Welcome message

Dear friends,

Welcome to my blog. I am honored to have you visit. I hope you'll find my articles a blessing. I welcome your input and especially comments and questions.

I write as a Christian from Jerusalem, Israel about Biblical subjects.

I am particularly interested in the subjects of children, families, women's issues, corporal punishment, science and nature as these subjects relate to the Holy Scriptures.

For more information, see my website: www.biblechild.com

With every good wish - Samuel Martin

Saturday, August 16, 2014

A Comparison between Jesus Christ and the Sabbath Day of the Lord

A Comparison between Jesus Christ and the Sabbath Day of the Lord
The Sabbath Day
Jesus Christ
Mankind are urged to imitate God in their behavior, who rested on the Sabbath Day. God chose to meet and join mankind in “rest” as one on the Sabbath. (Genesis 2:3)
Jesus Christ is the meeting place between mankind and God. He is the Immanuel (God with us). He, like the Sabbath, is the meeting point where God and mankind meet. (Isaiah 7 & 8 and Matt. 1:23) "And the Word became flesh and dwelt among us ... (John 1:14 ESV)
The Sabbath is a symbol of the Millennial reign of God, a 1,000 year period at the end of the age, where God and mankind will rest together (Genesis 2:3 and Psalm 90)
Jesus Christ will be God’s representative of earth and we will join with him in the Millennial age (Revelation 20:3) that will last for 1,000 years and is called a keeping of a Sabbath (Hebrews 4:9)
When the Sabbath arrives, a person enters into it. (Heschel, The Sabbath)
When a person becomes a Christian, they are said to be “in Christ.” (Galatians 3:26)
The Sabbath is a day of rest (Exodus 20:10) and those who enter into it are refreshed, renewed and reborn weekly. (Heschel, The Sabbath)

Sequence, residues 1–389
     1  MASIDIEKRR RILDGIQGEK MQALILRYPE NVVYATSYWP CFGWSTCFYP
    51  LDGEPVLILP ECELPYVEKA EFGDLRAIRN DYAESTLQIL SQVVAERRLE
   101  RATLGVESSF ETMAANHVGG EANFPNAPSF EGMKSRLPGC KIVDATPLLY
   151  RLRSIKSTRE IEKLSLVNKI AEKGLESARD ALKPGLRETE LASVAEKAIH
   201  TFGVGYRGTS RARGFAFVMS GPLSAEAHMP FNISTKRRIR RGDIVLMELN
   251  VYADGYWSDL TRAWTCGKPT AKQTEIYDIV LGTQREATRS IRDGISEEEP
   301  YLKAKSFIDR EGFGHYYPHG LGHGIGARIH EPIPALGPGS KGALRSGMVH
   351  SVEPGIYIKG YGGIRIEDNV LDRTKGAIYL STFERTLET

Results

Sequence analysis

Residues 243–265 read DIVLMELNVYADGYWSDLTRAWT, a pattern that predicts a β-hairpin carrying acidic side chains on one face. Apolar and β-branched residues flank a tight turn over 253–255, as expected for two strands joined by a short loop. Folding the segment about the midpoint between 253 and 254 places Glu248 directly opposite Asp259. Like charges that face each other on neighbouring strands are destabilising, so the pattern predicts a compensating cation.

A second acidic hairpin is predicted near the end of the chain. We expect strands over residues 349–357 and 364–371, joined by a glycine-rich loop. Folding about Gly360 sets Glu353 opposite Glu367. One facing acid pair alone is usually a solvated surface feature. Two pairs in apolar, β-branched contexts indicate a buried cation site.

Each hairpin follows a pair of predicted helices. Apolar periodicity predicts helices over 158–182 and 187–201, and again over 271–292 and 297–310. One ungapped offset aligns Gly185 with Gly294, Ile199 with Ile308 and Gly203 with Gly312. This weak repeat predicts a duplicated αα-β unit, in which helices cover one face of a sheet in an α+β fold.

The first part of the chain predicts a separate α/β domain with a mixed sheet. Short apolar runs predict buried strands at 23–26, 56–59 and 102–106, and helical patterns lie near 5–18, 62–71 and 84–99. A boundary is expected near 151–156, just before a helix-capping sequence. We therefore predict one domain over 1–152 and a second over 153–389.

Jesus Christ is a person of rest (Matthew 11:28-30) and all who enter into a relationship with Him are reborn, refreshed and will be raised from the dead.
There are no gender differences on the Sabbath, which is a symbol of the world to come. (“but the seventh day is a Sabbath to the LORD your God. On it you shall not do any work, you, or your son, or your daughter … Exodus 20:10 ESV)
In Christ and in heaven, there are no gender differences at all. (Galatians 3:28 – (“there is no male and female, for you are all one in Christ Jesus.” Galatians 3:28 ESV) St. Peter also said that husbands (men) and wives (women) are “heirs together in the grace of life.” (I Peter 3:7)
There are no social distinctions of human beings on the Sabbath (no slaves and no foreigners). All are one on the Sabbath (your male servant, female servant … or the sojourner who is within your gates. (Exodus 20:10 ESV)
In Christ, there are no social differences at all. (There is neither Jew nor Greek, there is neither slave nor free, for you are all one in Christ Jesus. (Galatians 3:28 ESV)
On the Sabbath day, “work” (understood as  ‘purposeful acts from which advantage is derived’ – Danby, The Mishnah) were forbidden. So all during the Sabbath were the same in God’s eyes.
In Christ, no one has an advantage over anyone else. (“you are all one in Christ Jesus” – Galatians 3:28 ESV)
On the Sabbath day, the “works” of mankind were to cease on that day.
In Christ, mankind also ceases to work, knowing that our “works” are not adequate for salvation.
On the Sabbath, no one could buy or sell anything and one’s economic power could not be exercised. All, in that sense, during the Sabbath, were equal. As such, this enhanced the spiritual time aspect of the Sabbath. There were serious consequences for those who violated the law of the Sabbath.
Early Christians who pursued a life “in Christ” sought to live a permanent Sabbath-like existence by rejecting material advantage and seeing to it that monetary power was not exercised in the early Church “and it (money) was distributed to each as any had need.” (Acts 4:35 ESV) There were serious consequences for those who lied to the Spirit.